The Art of Learning

As a professional photographer 28-years into a career, I have spent a good chunk of my life either learning or teaching. I have taught photography workshops of one kind or another for the last 20 years—mostly to give back to the community but also to diversify my income. During the pandemic, for most creatives everything stopped on March 11, 2020. And by stop, I mean nothing was going on at all workwise. Hence, like many of us, I looked to my hobbies to fill up that time waiting for the world to come back online. 

One of those hobbies I resurrected was playing the guitar. I have been dabbling in guitar since my early teens—and back in the day I used to perform live in front of fairly large crowds. Back then, I thought I knew how to play guitar at a decent level. As a pro photographer who normally travels six months or more per year for work, there isn’t a lot of time in between assignments to play an instrument. As a result, for the last 25 years I barely ever picked up my guitar. When I decided to pull the electric guitar out of the closet and start playing again there was a lot I had to remember and relearn. And this is where this article comes full circle. The last three years of relearning what I used to know and learning much more than I ever knew has been very insightful. Hang with me here. This will all come together in the end. 

As the graph below shows learning is a process of continuously trying and failing and eventually figuring out the details that lead to mastery. In terms of my photography, I would say I am off the chart shown below after 40 years of working on my craft as a photographer—long before I became a professional. There are still little things that I pick up and the learning will never end but for the most part I have learned eighty to ninety percent of what I really need to know to create the images I want both for myself and my clients. At this point it is more about going out and creating the images than it is about learning how to create them. 

But when it comes to guitar, I have realized that I am in the valley just beyond the first bump. Back when I was playing in a band in Austin, Texas I thought I knew what I was doing. I knew there was a lot I didn’t know but I didn’t worry about that. I wrote songs, performed them on occasion and had a lot of confidence—enough that I could perform solo (singing and playing) in front of a large audience. That experience in my early twenties has really helped me throughout my career when it comes to speaking to large groups of people about my photography. But when I picked up the instrument again in 2020, it felt like I had a long, long ways to go to get back to where I had been 25 years earlier. In fact, I had much further to go than that.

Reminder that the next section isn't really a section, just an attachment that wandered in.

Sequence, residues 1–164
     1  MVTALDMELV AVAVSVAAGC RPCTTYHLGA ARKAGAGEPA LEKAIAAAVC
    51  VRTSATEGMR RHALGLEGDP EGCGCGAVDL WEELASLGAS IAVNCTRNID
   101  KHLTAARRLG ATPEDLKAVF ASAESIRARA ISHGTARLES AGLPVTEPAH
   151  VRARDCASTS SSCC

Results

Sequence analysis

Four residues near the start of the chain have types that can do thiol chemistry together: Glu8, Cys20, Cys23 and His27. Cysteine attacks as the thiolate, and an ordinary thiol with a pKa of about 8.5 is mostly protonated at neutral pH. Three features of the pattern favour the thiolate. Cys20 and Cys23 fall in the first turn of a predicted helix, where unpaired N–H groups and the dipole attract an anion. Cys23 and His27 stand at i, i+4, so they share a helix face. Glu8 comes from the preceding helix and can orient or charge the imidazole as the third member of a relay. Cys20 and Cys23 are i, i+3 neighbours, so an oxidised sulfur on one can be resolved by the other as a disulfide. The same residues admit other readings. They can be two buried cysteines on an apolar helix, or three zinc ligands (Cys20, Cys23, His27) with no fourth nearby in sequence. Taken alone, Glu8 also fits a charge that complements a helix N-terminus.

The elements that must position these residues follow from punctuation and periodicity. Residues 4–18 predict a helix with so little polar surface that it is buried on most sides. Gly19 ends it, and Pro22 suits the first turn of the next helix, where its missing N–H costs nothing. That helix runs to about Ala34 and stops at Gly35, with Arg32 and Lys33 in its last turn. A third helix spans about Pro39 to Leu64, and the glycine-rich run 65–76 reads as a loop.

After a year or so of playing and practicing guitar, sometime in 2021, I realized that I didn’t know much of anything back in my youth. I knew a good deal of the basics but there were a lot of holes in my knowledge and even more in my skills. Assignments in the photo world were still chaotic and since I had lots of time I started taking in-person lessons every week once the vaccines came out. That filled in a lot of holes in my knowledge and was very valuable. 

Above is an image illustrating what it feels like being in the valley between blind confidence and true understanding. Truly mastering anything in a long path paved with consistent effort.

I also started to make the classic mistakes that I see participants in my photo workshops make—namely thinking that better gear will make me a better guitarist. I started out just wanting to buy a new amplifier since my old Peavey amp (from the late 80s) was not so amazing. I purchased a new mid-tier Fender amp and was pretty blown away by how much better it sounded. Then I got the bug to get a new guitar—one that was different from my old Stratocaster. That new guitar was even more amazing and really got me thinking about how much better it would sound with some effects pedals. And then I went to the College of YouTube and literally watched thousands of videos about how to play guitar, studied up on all the different gear and also started intensively studying music theory. On and on it went. My obsessive nature kicked in.